More fire-related deaths in London last year

More lives were lost to fires in London in 2021, new figures show.

Firefighters at the scene of the gas explosion in Runcorn, Cheshire, which left four people badly burned.
Firefighters at the scene of the gas explosion in Runcorn, Cheshire, which left four people badly burned.

More lives were lost to fires in London in 2021, new figures show.

The Fire Brigade Union branded a 27% increase in fire fatalities across England as "terrifying" and urged the Government to stem cuts to firefighting services.

Home Office statistics show 52 people died as a result of fires attended by London Fire Brigade last year – up from 29 the year prior and 35 in 2019.

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    Fire fatalities in London peaked in 2017, when 102 lives were lost.

    Nationally, there were 280 fire fatalities in 2021 – the highest number since 2017, when the Grenfell Tower disaster occurred, subsequently claiming 72 lives.

    There were 98 deaths between October and December, the most recorded for the period since 2008.

    The Home Office cautioned that numbers can fluctuate between quarters, but added that it will monitor the situation for any ongoing trends.

    A spokesperson said annual deaths remained down on historic figures, having fallen by 12% compared to 2011.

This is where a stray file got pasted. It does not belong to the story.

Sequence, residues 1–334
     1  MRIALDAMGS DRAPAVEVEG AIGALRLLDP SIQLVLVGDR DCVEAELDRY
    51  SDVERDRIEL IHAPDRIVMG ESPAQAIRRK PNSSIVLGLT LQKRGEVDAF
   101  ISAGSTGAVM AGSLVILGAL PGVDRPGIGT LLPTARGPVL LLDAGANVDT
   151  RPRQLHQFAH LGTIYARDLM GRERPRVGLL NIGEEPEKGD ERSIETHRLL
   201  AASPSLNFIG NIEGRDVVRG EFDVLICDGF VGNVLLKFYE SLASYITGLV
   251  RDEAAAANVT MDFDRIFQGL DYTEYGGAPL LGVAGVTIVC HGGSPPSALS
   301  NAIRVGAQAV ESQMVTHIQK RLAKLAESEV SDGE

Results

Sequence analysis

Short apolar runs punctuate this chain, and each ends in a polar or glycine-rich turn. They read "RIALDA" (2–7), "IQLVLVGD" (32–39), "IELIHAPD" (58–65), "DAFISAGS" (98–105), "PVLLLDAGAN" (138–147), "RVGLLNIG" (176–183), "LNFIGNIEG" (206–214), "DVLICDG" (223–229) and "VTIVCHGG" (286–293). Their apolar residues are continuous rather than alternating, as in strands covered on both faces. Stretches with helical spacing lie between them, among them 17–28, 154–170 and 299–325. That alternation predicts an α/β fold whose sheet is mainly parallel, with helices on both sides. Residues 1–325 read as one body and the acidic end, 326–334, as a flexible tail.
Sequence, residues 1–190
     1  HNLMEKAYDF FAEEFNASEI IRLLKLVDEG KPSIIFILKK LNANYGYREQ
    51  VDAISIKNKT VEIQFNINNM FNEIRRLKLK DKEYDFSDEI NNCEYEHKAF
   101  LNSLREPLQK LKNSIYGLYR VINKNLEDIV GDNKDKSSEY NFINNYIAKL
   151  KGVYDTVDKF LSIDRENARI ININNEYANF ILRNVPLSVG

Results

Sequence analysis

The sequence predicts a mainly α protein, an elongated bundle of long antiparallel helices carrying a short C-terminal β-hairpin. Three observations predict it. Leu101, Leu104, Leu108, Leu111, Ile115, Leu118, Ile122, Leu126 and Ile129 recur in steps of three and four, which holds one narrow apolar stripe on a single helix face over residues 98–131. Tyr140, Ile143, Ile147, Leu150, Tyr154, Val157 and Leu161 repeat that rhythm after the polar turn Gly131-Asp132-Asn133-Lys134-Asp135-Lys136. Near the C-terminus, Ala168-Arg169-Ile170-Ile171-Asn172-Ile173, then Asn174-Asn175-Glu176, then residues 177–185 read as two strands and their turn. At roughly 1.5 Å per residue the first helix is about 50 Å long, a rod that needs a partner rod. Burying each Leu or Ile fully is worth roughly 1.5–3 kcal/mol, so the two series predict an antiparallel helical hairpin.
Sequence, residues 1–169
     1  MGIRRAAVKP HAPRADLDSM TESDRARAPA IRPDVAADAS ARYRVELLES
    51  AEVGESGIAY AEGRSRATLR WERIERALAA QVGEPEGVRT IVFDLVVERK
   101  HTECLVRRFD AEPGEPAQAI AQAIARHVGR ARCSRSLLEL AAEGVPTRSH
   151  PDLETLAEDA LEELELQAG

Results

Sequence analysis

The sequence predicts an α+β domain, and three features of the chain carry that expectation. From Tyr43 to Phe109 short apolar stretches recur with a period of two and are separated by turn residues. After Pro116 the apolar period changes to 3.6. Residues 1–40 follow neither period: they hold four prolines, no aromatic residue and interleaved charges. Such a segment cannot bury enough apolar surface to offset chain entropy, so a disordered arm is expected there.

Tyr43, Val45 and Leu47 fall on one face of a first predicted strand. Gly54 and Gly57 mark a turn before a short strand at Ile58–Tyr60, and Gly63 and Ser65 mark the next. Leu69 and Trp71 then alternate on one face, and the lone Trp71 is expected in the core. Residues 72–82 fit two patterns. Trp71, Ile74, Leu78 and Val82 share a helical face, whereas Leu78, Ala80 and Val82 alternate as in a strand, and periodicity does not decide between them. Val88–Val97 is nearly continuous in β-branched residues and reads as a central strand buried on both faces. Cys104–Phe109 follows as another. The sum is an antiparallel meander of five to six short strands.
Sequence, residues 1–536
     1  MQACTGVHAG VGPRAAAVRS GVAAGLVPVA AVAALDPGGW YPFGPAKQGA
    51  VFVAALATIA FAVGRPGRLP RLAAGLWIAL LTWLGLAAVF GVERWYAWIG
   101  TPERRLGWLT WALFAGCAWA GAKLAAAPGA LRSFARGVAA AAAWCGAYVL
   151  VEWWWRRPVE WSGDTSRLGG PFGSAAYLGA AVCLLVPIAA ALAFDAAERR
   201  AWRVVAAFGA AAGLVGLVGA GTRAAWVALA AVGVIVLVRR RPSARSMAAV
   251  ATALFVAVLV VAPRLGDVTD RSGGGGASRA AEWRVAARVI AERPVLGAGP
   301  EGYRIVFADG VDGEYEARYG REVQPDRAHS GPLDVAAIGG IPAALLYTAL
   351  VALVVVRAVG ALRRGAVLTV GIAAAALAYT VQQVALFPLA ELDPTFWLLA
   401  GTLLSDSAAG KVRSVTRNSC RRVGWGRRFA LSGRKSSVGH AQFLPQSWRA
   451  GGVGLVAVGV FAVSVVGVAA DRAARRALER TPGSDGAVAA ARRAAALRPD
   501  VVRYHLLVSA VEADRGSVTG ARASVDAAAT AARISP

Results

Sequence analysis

The FBU called the rising number of deaths an "utter tragedy" but said that it is not surprising, given Government cuts to firefighting services over the last decade.

    Branding Westminster responsible, Matt Wrack, general secretary of the FBU, said: "The Government has cut around 11,000 firefighters since 2010 and response times have lengthened.

    "This should serve as a real wake-up call – as if they needed yet another."

    The increase in deaths in London comes despite a fall in fire callouts, with crews attending some 14,921 last year, down from 17,405 in 2020.

    There were 853 fire-related casualties – of those, 463 required hospital treatment.

    Nationally, the number of non-fatal casualties fell by 6%, from 6,585 to 6,201, and less than 0.5% of all fires led to at least one fatality.

    The Home Office said it has delivered a successful "Fire Kills" campaign and is working with the National Fire Chiefs Council to keep people safe and bring forward further fire safety reform.

    It has provided the NFCC with a £1.1 million grant to deliver fire prevention awareness programmes.

    A Home Office spokesperson said: "We are committed to fire prevention awareness to save lives.

    "Every life lost to fire is a tragedy and, while they are down 12% when compared with 10 years ago, we know there is more to do."